The CCHN was developed to examine how community, family and individual level stressors can influence and interact with biological factors, and how altered biological factors might affect health during the perinatal period. The overriding hypothesis of this study is that cumulative stressors will have a strong biological effect, and result in poor birth outcomes.
Thus, with appropriate interventions perinatal outcomes could be improved and health disparities reduced. CCHN is the only community-based participatory research effort in the field of perinatal medicine.
The study's pilot included 100 women in five cities across the United States and set the foundation for the full study.
"By doing a pilot, we realized each community had local aspects that needed to be taken care of," said Dr. Tonse N. K. Raju, program sientist and medical officer, "that's why the community partnerships are very important."
The study will include approximately 2400 majority minority African American, Latina, and Caucasian women from five regions of the United States. Women with a history of high-risk pregnancy will be evaluated after they have given birth and before their next pregnancy, which is known as the inter-pregnancy interval. Chronic exposure to stressors (allostatic load), in each patient will be determined to learn whether the stressors influence biology, and perinatal outcomes.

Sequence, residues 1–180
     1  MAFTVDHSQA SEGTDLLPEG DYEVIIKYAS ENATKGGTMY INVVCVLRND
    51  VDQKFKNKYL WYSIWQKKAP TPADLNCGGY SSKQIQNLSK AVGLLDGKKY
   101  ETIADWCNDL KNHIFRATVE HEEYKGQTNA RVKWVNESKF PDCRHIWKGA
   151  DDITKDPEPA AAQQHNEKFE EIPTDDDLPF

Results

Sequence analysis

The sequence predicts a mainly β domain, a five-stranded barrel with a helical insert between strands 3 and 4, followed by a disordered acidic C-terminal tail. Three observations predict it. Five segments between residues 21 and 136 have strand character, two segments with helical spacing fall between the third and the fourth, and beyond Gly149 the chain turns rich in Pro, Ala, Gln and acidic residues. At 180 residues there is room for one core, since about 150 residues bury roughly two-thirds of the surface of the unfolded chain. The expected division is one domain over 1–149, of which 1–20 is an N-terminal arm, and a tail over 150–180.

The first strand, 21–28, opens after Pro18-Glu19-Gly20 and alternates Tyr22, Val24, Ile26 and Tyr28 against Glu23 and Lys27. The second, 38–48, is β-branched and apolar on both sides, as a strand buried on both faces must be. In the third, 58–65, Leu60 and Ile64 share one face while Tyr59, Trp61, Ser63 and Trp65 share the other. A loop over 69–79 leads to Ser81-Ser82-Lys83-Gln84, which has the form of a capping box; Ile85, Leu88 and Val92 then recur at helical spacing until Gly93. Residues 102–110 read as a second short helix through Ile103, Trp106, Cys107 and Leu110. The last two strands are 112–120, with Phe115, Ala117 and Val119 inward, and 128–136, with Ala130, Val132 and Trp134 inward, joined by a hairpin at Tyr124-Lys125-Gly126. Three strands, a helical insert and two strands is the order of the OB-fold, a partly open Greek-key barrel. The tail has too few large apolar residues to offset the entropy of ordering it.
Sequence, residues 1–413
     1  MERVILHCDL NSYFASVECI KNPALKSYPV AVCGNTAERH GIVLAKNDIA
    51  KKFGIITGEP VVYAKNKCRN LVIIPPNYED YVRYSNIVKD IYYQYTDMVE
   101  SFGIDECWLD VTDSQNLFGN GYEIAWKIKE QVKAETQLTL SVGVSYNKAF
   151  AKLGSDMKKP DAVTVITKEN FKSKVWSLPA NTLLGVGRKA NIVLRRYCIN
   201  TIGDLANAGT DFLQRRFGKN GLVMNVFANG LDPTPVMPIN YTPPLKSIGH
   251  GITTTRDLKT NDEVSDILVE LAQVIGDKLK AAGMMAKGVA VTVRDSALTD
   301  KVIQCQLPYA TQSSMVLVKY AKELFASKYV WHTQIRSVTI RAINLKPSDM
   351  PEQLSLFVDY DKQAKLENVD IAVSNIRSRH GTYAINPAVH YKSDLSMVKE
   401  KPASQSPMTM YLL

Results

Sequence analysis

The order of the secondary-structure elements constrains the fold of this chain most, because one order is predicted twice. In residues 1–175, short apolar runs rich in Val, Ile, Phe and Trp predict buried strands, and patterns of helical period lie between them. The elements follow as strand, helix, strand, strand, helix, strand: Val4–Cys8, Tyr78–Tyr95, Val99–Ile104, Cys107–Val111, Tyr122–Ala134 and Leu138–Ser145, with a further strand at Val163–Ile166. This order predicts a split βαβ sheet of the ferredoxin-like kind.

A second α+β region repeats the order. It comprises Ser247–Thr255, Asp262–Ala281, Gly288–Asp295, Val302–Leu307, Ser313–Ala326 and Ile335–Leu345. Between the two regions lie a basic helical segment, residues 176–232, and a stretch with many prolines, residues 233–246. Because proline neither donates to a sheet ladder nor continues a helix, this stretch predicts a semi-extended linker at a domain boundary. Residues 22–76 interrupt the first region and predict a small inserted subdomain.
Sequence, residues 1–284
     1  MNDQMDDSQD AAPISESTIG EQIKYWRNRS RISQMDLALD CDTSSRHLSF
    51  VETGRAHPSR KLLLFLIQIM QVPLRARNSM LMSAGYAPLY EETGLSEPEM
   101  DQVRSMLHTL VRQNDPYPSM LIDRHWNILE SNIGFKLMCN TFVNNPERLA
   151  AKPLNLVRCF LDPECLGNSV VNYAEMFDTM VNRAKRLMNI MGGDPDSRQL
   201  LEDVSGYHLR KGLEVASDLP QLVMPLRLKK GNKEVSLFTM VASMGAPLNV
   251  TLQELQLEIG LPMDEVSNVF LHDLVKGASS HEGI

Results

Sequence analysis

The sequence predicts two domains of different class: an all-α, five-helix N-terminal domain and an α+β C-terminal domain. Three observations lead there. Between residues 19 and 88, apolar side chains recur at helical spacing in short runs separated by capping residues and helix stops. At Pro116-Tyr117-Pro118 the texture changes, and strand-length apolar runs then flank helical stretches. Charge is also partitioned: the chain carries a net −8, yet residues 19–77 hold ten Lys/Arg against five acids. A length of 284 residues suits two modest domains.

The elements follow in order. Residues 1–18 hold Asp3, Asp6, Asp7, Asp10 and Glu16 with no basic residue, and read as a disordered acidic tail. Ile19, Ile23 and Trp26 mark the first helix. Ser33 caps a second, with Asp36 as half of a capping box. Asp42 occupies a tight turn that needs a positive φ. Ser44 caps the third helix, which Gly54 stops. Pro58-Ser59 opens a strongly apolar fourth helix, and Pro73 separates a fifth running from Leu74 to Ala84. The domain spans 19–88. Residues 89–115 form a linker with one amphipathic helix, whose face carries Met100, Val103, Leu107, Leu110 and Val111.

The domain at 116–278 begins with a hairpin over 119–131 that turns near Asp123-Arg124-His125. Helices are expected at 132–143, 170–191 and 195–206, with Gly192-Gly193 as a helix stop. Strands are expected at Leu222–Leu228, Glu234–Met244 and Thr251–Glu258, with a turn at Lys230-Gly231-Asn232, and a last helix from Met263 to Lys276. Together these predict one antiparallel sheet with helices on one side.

The study further seeks to evaluate the potential role life stressors in the health disparity between infant mortality among African Americans and other groups. The study will also seek to determine whether the exposure to stressors is related to the high proportion of poor health status among African American and Hispanic infants. Study findings are expected to contribute to an understanding of the reasons for health disparities and provide evidence-based support for developing intervention strategies.
Five centers are funded for this community-linked research collaboration network for maternal and child health research. The funded centers will continue the community–linked collaboration and carryout a multi-site, multi-level study to examine how community, family, and individual level influences interact with biological influences and result in health disparities in pregnancy outcomes and infant and early childhood mortality and morbidity. The research will blend social, behavioral, and biomedical approaches into a coherent community-linked study.